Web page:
Project description:The US annually produces 79 million dry tons of liquid organic waste including sewage sludge. Anaerobic digestion can only reduce the sludge volume by 50% in mass, leaving the other half as a growing waste management and hygienic problem. Hydrothermal processing (HTP), a set of several chemical digestion processes, could be used to convert sewage sludge into valuable products and minimize potential environmental pollution risks. Specifically, hydrothermal carbonization and hydrothermal liquefaction have been extensively studied to sustainably manage sludge. Two of the main reasons for this are the high upscalability of HTP for public waste management and that it is estimated that HTP can recover eleven times more energy from waste products than landfilling. An integration of HTP with anaerobic digestion or recycling the soluble organics (in the HTP aqueous products) into the HTP process could lead to a higher overall rate of energy recovery for municipal sewage sludge.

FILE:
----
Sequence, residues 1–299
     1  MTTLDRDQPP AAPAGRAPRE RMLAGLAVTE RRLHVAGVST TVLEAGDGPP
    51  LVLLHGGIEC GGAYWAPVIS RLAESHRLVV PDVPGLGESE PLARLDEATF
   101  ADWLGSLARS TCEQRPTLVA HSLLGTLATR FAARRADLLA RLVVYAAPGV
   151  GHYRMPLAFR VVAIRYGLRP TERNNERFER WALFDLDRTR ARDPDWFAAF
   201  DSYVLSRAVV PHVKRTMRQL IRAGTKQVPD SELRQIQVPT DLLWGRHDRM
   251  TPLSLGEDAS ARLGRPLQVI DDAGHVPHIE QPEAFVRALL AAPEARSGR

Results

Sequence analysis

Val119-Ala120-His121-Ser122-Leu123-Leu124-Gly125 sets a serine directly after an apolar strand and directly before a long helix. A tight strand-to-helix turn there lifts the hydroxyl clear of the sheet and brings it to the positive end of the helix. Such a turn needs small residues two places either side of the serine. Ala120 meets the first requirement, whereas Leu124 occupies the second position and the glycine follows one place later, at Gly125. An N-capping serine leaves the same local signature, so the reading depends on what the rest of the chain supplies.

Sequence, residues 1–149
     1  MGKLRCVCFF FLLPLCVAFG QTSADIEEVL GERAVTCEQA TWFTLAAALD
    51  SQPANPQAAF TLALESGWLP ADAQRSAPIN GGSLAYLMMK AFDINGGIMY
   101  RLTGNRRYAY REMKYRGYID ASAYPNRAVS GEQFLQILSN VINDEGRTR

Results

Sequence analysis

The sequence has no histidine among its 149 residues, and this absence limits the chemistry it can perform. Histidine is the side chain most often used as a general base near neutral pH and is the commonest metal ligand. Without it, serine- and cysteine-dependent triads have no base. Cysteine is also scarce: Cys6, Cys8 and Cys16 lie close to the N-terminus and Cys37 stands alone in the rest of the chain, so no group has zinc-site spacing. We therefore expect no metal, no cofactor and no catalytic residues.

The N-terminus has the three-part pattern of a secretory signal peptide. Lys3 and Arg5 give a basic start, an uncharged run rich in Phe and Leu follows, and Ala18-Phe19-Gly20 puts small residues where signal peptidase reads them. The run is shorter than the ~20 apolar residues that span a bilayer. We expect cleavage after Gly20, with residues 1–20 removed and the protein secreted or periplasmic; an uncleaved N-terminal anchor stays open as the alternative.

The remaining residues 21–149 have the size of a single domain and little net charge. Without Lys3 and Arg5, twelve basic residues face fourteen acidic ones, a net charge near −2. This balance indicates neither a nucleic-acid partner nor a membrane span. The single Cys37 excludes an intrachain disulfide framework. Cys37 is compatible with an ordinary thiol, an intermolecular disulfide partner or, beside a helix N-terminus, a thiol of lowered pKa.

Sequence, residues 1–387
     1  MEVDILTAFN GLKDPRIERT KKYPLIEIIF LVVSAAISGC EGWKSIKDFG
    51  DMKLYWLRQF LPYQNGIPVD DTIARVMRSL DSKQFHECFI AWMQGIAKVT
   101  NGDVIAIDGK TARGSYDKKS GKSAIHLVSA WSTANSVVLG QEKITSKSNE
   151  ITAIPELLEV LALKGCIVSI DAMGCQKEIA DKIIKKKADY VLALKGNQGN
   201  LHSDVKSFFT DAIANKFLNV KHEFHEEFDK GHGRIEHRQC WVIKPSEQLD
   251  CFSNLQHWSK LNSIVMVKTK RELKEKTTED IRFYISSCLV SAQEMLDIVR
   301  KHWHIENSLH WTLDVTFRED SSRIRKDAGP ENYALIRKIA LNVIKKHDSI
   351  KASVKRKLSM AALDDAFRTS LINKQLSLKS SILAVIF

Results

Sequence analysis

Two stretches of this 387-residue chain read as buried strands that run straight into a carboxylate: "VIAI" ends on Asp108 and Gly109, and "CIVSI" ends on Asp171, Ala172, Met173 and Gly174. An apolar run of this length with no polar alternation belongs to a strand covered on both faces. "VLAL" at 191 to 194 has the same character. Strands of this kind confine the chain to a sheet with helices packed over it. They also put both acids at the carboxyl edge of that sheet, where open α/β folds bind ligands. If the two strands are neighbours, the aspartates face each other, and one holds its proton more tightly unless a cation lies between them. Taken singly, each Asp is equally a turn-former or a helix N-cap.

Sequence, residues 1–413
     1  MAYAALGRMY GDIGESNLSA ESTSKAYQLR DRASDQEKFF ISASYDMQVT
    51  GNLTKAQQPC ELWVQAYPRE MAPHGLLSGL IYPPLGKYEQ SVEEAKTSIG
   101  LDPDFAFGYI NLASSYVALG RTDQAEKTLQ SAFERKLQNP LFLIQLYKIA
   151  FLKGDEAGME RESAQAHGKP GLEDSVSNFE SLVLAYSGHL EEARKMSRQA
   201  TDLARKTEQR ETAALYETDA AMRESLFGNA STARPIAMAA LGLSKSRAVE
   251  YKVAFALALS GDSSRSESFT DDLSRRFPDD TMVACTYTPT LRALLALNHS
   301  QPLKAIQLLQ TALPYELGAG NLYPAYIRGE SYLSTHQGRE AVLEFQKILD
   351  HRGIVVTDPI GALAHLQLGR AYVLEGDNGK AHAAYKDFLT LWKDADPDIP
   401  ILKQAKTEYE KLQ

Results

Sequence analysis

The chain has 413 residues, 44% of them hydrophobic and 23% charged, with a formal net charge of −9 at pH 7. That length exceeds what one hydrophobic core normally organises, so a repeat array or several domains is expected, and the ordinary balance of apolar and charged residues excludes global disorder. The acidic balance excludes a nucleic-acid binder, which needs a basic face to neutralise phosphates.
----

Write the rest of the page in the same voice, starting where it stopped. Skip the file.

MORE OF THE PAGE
Project description:Sewage sludges generation and their disposal have become one of the greatest challenges of the 21st century. They have great microbial diversity that may impact wastewater treatment plant (WWTP) efficiency and soil quality whether used as fertilizers. Therefore, this research aimed to characterize microbial community diversity and structure of 19 sewage sludges from São Paulo, Brazil, as well as to draw their relations to sludge sources [domestic and mixed (domestic+industrial)], biological treatments (redox conditions and liming), and chemical attributes, using molecular biology as a tool. All sludges revealed high bacterial diversity, but their sources and redox operating conditions as well as liming did not consistently affect bacterial community structures. Proteobacteria was the dominant phylum followed by Bacteroidetes and Firmicutes; whereas Clostridium was the dominant genus followed by Treponema, Propionibacterium, Syntrophus, and Desulfobulbus. The sludge samples could be clustered into six groups (C1 to C6) according their microbial structure similarities. Very high pH (?11.9) was the main sludge attribute segregating C6, that presented very distinct microbial structure from the others. Its most dominant genera were Propionibacterium > > Comamonas > Brevundimonas > Methylobacterium ?Stenotrophomonas ?Cloacibacterium. The other clusters' dominant genera were Clostridium > > Treponema > Desulfobulbus ?Syntrophus. Moreover, high Fe and S were important modulators of microbial structure in certain sludges undertaking anaerobic treatment and having relatively low N-Kj, B, and P contents (C5). However, high N-Kj, B, P, and low Fe and Al contents were typical of domestic, unlimed, and aerobically treated sludges (C1). In general, heavy metals had little impact on microbial community structure of the sludges. However, our sludges shared a common core of 77 bacteria, mostly Clostridium, Treponema, Syntrophus, and Comamonas. They should dictate microbial functioning within WWTPs, except by SS12 and SS13.